388.16+Napoleon [389.29]
388.16+a white horse is an emblem of the House of Hanover
388.16+a white horse is a symbol associated with William III and his victory at the Battle of the Boyne (his equestrian statue in Dublin faced Dame Street [.20])
388.17hourse of Hunover, rising Clunkthurf over Cabinhogan and all
388.17+hun: pejorative for German
388.17+Clontarf
388.17+Wellington's horse Copenhagen
388.18they remembored and then there was the Frankish floot of Noahs-
388.18+Cluster: Forget and Remember
388.18+bore
388.18+German Flut: flood, flood-tide
388.18+Dutch vloot: fleet, navy
388.18+Downing: Digger Dialects 35: 'NOAH'S DOVES — Reinforcements who were at sea and on their way towards a war zone at the time when the Armistice was signed' (World War I Slang)
388.19dobahs, from Hedalgoland, round about the freebutter year of
388.19+Sea Battle of Helgoland, 1914
388.19+hidalgo: one of lower Spanish nobility
388.19+freebooter
388.20Notre Dame 1132 P.P.O. or so, disumbunking from under
388.20+Motif: 1132
388.20+disembarking
388.21Motham General Bonaboche, (noo poopery!) in his half a grey
388.21+madam
388.21+Bonaparte
388.21+boche: pejorative for German
388.21+Ulster Pronunciation Noo Poopery!: No Popery! (Ulster slogan)
388.21+poop: aftermost part of a ship, stern
388.22traditional hat, alevoila come alevilla, and after that there he was,
388.22+VI.B.1.115i (r): 'traditions'
388.22+French et le voilà: and here he is
388.22+VI.C.15.164m (g): 'moth alevilla'
388.23so terrestrial, like a Nailscissor, poghuing her scandalous and very
388.23+Downing: Digger Dialects 35: 'NAIL-SCISSORS — The crossed sword and baton worn as a badge of rank by a General' (World War I Slang)
388.23+Hail Caesar!
388.23+Anglo-Irish pogue: kiss
388.23+poking
388.24wrong, the maid, in single combat, under the sycamores, amid
388.24+VI.B.1.028h (r): 'in single combat'
388.24+Metchnikoff: La Civilisation et les Grands Fleuves Historiques 1: 'Le dévouement, la vertu même... dans les annales du genre humain, y revêtent des formes absurdes... ou révoltantes — Manlius décapitant son fils qui, sans autorisation préalable, vient de renverser un ennemi en combat singulier' (French 'Devotion, even virtue... in the annals of mankind, take on forms that are absurd... or repulsive — Manlius decapitating his son who, without prior authorisation, has defeated an enemy in single combat')
388.25the bludderings from the boom and all the gallowsbirds in Arrah-
388.25+Dutch bladeren: leaves
388.25+Dutch boom: tree
388.25+VI.B.1.106h (r): 'Gallowglasses —sbirds foreign soldiers' (dash dittoes 'Gallow'; a line joins first word and last two words) [387.06]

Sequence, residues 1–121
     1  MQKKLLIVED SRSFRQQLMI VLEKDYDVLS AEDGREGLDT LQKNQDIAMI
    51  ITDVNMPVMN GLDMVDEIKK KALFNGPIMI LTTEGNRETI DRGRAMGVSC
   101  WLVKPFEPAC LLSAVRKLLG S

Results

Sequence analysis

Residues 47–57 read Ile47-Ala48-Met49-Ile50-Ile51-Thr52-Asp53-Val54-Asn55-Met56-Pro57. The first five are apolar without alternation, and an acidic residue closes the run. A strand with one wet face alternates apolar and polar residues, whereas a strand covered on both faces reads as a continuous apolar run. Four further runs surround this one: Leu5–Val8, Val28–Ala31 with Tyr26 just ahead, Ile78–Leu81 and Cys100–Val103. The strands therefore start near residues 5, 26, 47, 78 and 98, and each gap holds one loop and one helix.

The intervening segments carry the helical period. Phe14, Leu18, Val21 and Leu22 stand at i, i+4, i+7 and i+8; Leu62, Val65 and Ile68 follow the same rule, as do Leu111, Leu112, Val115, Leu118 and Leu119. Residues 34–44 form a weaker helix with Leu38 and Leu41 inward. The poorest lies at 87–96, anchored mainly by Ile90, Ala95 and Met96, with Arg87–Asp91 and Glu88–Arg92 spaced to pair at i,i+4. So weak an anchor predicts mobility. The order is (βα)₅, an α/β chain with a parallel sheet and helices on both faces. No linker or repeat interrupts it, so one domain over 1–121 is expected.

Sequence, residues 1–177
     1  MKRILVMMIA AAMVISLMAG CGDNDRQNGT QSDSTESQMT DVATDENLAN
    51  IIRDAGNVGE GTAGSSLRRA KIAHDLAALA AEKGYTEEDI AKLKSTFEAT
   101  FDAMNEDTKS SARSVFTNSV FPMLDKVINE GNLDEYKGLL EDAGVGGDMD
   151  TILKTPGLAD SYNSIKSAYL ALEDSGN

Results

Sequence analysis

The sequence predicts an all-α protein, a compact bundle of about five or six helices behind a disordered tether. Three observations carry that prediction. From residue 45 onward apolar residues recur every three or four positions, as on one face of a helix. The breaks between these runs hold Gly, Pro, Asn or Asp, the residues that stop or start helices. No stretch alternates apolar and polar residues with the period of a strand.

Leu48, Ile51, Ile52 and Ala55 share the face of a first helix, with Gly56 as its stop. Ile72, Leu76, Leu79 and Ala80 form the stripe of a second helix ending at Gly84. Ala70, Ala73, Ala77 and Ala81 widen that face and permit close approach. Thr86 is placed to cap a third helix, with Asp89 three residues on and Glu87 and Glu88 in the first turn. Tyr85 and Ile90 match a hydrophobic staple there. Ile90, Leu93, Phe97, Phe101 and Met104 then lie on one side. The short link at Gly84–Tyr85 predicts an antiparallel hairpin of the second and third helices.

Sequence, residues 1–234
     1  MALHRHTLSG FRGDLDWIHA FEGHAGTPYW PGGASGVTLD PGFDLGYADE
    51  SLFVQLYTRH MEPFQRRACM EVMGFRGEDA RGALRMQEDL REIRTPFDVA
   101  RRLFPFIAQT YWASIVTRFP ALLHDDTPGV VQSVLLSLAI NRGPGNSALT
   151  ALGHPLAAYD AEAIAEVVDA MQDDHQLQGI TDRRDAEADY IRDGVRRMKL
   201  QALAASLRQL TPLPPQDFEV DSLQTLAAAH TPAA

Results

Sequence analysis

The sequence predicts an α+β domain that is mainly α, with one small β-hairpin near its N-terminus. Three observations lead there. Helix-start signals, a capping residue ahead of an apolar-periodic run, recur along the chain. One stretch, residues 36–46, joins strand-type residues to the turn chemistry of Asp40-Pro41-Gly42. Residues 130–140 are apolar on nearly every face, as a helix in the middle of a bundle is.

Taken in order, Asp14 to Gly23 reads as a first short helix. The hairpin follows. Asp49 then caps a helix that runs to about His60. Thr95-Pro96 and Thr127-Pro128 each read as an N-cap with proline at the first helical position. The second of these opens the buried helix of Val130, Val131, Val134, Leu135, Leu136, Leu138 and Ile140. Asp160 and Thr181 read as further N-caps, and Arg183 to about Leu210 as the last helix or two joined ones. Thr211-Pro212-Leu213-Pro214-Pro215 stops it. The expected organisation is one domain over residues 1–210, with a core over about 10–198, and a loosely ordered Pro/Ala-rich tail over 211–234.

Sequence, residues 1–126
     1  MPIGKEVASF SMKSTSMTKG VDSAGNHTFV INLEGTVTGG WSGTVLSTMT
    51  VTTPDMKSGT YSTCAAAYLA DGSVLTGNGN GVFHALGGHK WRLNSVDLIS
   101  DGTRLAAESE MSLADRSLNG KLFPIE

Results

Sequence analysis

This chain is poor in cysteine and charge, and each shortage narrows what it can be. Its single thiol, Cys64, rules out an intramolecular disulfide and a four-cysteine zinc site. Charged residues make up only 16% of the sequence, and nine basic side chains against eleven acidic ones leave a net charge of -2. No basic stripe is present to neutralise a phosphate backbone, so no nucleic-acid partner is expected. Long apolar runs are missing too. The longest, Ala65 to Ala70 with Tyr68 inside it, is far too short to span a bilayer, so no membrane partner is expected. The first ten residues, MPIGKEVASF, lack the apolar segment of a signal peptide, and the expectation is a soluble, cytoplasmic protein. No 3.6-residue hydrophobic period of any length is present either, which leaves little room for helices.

388.25+Slang gallows-bird: a person who deserves hanging
388.25+Boucicault: Arrah-na-Pogue
388.26na-Poghue, so silvestrious, neer the Queen's Colleges, in 1132
388.26+Latin silvestris: wooded
388.26+German Silvester: New Year's Eve
388.26+Dutch neer: down
388.26+Queen's Colleges: Belfast, Galway and Cork
388.26+Queen's Theatre, Dublin (repertoire at the turn of the century included Boucicault: Arrah-na-Pogue) [385.13]
388.26+Motif: 1132
388.27Brian or Bride street, behind the century man on the door. And
388.27+Motif: Bride of the brine
388.27+Bride Street, Dublin
388.27+sentryman
388.28then again they used to give the grandest gloriaspanquost univer-
388.28+Sylvia Pankhurst: suffragette leader
388.28+Armenian p'ark': glory
388.28+[.12]
388.29sal howldmoutherhibbert lectures on anarxaquy out of doxarch-
388.29+nursery rhyme Old Mother Hubbard
388.29+H.G. Hibbert: A Playgoer's Memories (discusses many stage topics)
388.29+Hibbert lectureship (endowed by Robert Hibbert, a 19th century radical)
388.29+anarchy
388.29+Armenian nakhakah: chairman, president
388.29+exequy: funeral rite
388.29+Greek doxa: opinion
388.29+doxology: hymn or formula ascribing glory or praise to God
388.29+Greek arkos: guide, leader
388.30ology (hello, Hibernia!) from sea to sea (Matt speaking!) accord-
388.30+VI.B.1.036h (r): 'Hello America!'
388.30+phrase Hello America (made famous by the wireless, as mentioned in Irish Times 12 Feb 1924)
388.30+(Anglo-Irish Pronunciation say: sea)
388.31ing to the pictures postcard, with sexon grimmacticals, in the
388.31+Saxo Grammaticus: Danish historian
388.31+Grimm brothers
388.32Latimer Roman history, of Latimer repeating himself, from the
388.32+VI.B.1.045f (r): 'Latimer'
388.32+Hugh Latimer: 16th century English church reformer, burned at the stake
388.32+Middle English latimer: an interpreter
388.32+[389.15]
388.32+Cluster: Repeat Oneself
388.33vicerine of Lord Hugh, the Lacytynant, till Bockleyshuts the rah-
388.33+vicereine
388.33+Hugh de Lacy: governor of Dublin for Henry II, first Earl of Ulster, earliest Anglo-Norman peer of Ireland
388.33+Lord-Lieutenant
388.33+Motif: How Buckley shot the Russian General
388.33+Rajah
388.34jahn gerachknell and regnumrockery roundup, (Marcus Lyons
388.34+German Krach: crash, argument
388.34+Latin Regnum: Chichester [390.18]
388.34+Old Norse Ragnarøkr: destruction of the Norse gods
388.35speaking!) to the oceanfuls of collegians green and high classes
388.35+Gerald Griffin: The Collegians (source for Boucicault: The Colleen Bawn)
388.35+College Green, Dublin
388.35+VI.B.1.174b (r): 'classes'
388.36and the poor scholars and all the old trinitarian senate and saints and
388.36+Trinity College, Dublin
388.36+phrase Ireland, isle of saints and sages